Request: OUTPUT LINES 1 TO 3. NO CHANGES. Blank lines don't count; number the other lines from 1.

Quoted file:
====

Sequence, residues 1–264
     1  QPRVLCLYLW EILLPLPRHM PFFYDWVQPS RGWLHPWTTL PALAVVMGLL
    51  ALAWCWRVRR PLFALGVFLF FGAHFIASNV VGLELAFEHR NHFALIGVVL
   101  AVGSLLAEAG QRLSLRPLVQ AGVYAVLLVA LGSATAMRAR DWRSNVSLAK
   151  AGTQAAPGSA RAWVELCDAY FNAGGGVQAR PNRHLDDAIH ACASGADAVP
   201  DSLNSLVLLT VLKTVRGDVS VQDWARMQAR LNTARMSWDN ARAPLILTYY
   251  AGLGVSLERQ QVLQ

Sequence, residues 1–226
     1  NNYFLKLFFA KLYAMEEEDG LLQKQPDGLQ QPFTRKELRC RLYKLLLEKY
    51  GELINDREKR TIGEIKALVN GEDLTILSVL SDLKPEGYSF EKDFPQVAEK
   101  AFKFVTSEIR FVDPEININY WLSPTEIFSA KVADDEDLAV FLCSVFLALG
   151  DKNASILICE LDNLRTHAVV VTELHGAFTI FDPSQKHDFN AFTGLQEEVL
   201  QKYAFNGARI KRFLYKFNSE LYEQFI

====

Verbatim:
Sequence, residues 1–264
     1  QPRVLCLYLW EILLPLPRHM PFFYDWVQPS RGWLHPWTTL PALAVVMGLL
    51  ALAWCWRVRR PLFALGVFLF FGAHFIASNV VGLELAFEHR NHFALIGVVL